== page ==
If there’s one thing we’ve really loved discovering as we go along our Waste Not journey, it’s how many awesome people we know who have been similarly moved to be conscious of their impact on the earth. We have been so thrilled to find people who have been making these changes for years already, and who are always happy to offer us tips as we come up against new challenges.
We’re really excited to start featuring guest posts from some of these amazing people in our community , and to be able to share more perspectives with our friends, families, and readers. Cass met our first guest poster through the SaskAcro community, but we had no idea that she was also interested in the zero-waste movement until we began our blog back in December. Read on, to hear about Tennille Hall and her family’s move towards zero-waste!
My name is Tennille and I’ve been trying to drastically reduce what I send to the landfill while I’m on my journey towards a “zero-waste” lifestyle. At our best, my husband and I send one grocery-size bag of trash to the landfill every two weeks.
I cannot remember a time that I wasn’t concerned about the destruction of our planet. I grew up on a farm, and even as a little girl, I remember being very bothered by several environmentally destructive practices, one being the fact that we burned our trash. When I moved to the city after high school, I was even more bothered by the amount of garbage that we, the citizens of Saskatoon, send to the landfill.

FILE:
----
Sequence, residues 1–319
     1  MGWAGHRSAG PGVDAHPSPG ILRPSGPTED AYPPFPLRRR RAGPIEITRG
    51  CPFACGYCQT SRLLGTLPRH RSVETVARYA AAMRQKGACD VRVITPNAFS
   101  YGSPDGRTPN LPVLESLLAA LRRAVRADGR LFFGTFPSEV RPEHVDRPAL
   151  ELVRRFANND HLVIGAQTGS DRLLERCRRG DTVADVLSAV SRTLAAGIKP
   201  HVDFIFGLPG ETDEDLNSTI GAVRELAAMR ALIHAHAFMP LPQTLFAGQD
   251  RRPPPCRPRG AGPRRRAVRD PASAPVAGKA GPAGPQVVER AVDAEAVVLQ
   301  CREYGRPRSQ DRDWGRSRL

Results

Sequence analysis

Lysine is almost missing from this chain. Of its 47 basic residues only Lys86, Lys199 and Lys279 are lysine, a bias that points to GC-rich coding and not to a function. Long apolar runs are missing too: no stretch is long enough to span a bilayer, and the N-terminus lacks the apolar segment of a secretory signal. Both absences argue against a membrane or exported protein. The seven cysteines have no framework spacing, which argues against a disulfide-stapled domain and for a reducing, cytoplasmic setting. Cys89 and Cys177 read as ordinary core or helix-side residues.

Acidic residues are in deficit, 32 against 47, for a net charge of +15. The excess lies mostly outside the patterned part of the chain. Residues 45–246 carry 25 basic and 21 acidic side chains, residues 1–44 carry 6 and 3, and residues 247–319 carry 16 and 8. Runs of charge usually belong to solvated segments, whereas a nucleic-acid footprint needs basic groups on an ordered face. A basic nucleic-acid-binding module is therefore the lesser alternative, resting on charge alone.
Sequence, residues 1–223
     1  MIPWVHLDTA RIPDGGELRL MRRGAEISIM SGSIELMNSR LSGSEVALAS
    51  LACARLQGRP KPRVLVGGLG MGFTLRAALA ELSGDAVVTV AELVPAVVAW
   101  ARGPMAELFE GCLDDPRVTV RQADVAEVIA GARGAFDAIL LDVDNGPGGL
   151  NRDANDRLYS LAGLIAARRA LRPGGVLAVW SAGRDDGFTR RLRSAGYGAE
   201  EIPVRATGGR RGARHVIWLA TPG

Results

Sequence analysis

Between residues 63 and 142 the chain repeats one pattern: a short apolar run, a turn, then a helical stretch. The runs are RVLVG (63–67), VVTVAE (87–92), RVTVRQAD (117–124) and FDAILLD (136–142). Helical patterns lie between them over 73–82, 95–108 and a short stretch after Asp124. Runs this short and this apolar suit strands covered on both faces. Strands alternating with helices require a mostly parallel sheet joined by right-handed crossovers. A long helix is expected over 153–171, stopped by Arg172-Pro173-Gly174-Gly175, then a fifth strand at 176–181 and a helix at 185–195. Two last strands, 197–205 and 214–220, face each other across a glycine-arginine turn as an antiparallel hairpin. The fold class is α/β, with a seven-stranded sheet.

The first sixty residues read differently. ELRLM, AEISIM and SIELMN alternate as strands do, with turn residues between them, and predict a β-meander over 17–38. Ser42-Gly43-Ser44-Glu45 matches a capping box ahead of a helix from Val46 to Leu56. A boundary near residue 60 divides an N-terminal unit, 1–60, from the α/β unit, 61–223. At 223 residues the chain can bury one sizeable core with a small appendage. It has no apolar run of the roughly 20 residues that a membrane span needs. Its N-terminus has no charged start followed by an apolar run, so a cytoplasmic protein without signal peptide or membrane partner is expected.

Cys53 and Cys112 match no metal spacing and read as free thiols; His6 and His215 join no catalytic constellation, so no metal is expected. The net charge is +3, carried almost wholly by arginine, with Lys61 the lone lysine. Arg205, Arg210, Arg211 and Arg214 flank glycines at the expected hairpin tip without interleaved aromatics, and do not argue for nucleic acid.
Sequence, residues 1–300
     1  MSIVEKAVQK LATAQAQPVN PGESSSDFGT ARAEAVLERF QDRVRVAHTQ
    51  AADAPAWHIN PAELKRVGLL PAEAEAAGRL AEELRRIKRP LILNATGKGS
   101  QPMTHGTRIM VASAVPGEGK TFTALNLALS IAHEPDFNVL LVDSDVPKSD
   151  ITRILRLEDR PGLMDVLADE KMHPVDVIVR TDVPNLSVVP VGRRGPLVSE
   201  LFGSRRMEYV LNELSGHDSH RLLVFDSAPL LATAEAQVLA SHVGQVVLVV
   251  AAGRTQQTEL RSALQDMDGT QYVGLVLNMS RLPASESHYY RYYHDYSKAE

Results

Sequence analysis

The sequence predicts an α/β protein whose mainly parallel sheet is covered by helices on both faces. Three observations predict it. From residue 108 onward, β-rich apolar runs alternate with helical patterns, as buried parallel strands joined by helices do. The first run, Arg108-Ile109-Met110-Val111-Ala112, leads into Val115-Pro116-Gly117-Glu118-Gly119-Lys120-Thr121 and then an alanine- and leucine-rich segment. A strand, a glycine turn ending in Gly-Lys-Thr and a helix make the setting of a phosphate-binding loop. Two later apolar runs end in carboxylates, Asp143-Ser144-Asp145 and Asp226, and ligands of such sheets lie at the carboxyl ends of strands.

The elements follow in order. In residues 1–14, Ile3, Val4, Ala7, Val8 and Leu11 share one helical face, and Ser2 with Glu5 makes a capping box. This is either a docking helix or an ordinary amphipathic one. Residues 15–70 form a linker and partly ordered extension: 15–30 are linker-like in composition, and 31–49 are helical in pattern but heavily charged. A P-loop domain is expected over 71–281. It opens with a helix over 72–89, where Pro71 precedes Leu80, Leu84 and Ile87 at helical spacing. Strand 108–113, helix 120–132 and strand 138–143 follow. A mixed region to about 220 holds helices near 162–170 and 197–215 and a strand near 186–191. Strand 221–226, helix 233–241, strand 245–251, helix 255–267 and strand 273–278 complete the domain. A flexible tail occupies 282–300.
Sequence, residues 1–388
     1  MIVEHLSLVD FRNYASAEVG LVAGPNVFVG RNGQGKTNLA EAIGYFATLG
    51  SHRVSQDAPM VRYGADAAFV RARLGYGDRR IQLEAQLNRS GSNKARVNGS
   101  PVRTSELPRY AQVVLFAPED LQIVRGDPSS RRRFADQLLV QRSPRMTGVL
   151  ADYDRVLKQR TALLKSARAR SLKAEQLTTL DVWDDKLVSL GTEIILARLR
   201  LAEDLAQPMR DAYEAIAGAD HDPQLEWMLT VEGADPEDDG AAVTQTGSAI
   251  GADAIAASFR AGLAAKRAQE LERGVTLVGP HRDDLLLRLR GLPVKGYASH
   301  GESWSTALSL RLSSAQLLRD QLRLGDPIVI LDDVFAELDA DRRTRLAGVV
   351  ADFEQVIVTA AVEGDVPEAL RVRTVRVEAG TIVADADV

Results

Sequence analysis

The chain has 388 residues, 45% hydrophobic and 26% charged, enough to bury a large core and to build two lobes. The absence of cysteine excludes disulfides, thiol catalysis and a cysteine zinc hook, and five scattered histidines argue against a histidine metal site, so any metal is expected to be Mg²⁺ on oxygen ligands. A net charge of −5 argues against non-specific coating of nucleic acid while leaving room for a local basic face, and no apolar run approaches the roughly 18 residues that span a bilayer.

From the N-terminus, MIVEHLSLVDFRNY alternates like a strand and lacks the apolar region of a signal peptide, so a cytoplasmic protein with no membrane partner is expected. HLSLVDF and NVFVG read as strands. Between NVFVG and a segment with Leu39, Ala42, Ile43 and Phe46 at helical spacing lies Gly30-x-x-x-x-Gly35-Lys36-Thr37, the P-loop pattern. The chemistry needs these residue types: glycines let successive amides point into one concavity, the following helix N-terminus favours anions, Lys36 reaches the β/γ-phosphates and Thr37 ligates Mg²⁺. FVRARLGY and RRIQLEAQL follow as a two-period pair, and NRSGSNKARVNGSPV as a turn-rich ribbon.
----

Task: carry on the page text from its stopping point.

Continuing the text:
Throughout my life, I have developed several practices to attempt to live a “green” life, such as riding my bike to work each day, growing my own vegetables in the garden, composting, and several other things. However, I never gave much thought to the plastic that is everywhere. I hated throwing away the plastic that came from food and body-care products that I bought, but I didn’t know how to avoid it.
Not long ago I came across a book called Zero Waste Home by Bea Johnson, and this was the moment that really changed my life and put me on the path I’m on now. Her family of four, plus a dog, create very little waste. The waste she and her family create in a year can fit into a mason jar. They also don’t buy anything in plastic – they have found ways around it. They inspire me, and also provide me with relief – I can finally stop feeling guilty about my trash, because I, too, can move toward a zero waste life.
Without mentioning the obvious things, such as replacing plastic grocery bags with reusable ones, taking your coffee/tea mug with you to the coffee shop, using a reusable water bottle, I’m going to mention a few other things I’ve found in Saskatoon to reduce my plastic and trash consumption. Of course the above mentioned things are some of the most important changes you can make, but I want to highlight some of the less talked about changes you can make, and products you can find in Saskatoon. I would also like to mention that plastic is not recyclable like paper is, so recycling plastic is not the solution – plastic can only be down-cycled.
My goal is to reduce what goes into my trash can and recycling bin. Here are ten things that are easy to swap and where to find them: